The Spring Research Festival came to Fort Detrick this year without its signature massive tent, the home of a sprawling equipment expo with dozens of booths. It came without audiences in auditoriums or gatherings around scientific posters. The community didn’t circulate between buildings for events. On the surface, it may have seemed that the festival didn’t come at all.
But after being cancelled last year due to the pandemic, the annual two-day event did indeed return in a virtual format. The change from the norm didn’t seem to hinder things, either: hundreds of attendees, including a few members of the public, tuned in—rivaling or exceeding attendance for a “normal” year.
“When the decision was made to go remote, the [planning] committee saw the opportunity to be able to expand the audience reach beyond those that traditionally attend the event in person,” said Marsha Nelson-Duncan, one of NCI at Frederick’s representatives on the festival planning committee. “This was a great opportunity for us to offer the community an inside look at the local response to COVID by the partner agencies here on post.”
The event evidently united Fort Detrick as it has done in years past. Participants have called this year’s festival a valuable opportunity to learn and collaborate.
Virology from the Vantage
Two keynote addresses brought in eminent coronavirus figures to discuss the past year. Ralph Baric, Ph.D., of the University of North Carolina at Chapel Hill Gillings School of Global Public Health, lectured about SARS-CoV-2, coronaviruses more broadly, and countermeasures. On day two, retired Col. Deborah Birx, M.D., former White House coronavirus response coordinator, shared her expertise on the pandemic.
“One of the things that stood out to me in this [festival] was the superb selection of speakers, whose contributions to the virology field, and SARS-CoV-2 research in particular, was significant and very important,” said Lyuba Khavrutskii, a research associate at the Frederick National Laboratory who attended both keynotes and helped to judge other festival events.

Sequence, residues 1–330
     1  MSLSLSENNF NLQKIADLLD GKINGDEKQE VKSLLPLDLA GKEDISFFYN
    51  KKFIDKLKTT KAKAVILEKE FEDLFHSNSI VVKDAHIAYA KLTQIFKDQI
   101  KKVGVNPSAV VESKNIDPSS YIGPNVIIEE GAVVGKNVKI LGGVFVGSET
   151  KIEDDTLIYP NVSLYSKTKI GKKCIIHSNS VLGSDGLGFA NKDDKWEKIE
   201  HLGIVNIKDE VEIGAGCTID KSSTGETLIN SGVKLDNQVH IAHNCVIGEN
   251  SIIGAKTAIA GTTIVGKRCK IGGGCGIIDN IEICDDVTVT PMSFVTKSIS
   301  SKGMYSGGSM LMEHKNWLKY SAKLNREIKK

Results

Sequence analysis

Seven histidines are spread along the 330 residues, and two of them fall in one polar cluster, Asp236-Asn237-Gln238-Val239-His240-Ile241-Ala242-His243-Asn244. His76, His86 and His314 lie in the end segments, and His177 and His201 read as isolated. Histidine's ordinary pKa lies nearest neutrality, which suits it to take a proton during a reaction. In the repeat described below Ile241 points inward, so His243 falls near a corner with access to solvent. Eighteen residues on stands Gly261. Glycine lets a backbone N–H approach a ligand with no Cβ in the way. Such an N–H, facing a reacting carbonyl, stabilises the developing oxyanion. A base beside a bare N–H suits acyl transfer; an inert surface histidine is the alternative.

“I was very impressed with both talks,” she added.
The keynotes each drew more than 150 viewers—what would be standing room only in the venue normally used to house the lectures.
‘I Hope It Will Inspire New Collaborations’
A five-hour symposium with presentations from scientists at NCI at Frederick, Frederick National Laboratory, and the U.S. Army and Navy offered a closer glimpse of coronavirus research at Fort Detrick, further uniting the community around the subject.
“I liked the idea of sharing our COVID-19 research with colleagues in other agencies on the Fort Detrick Campus. I hope it will inspire new collaborations between agencies and push us to take advantage of all that Fort Detrick has to offer,” said Alex Compton, Ph.D., an investigator at NCI at Frederick and a presenter in the symposium.
Compton shared his group’s work on molecules called “rapalogs” and how they affect cells’ susceptibility to coronavirus infection. He said the symposium had a “cohesive feel” and paired well with the keynote lectures. Audience participation in the Q&A was less dynamic than during an in-person festival, but 99 people on average watched each presentation—an impressive crowd for the event.
Blitz Brings Opportunity
The festival’s iconic poster blitz made its return this year, with 22 staff, scientists, and interns hustling to explain a poster of their research in three minutes or less. The judged competition aimed to show a variety of work at Fort Detrick—anything from cancer to emerging infectious diseases—and encouraged viewers to visit the virtual poster gallery that was on display over the two days.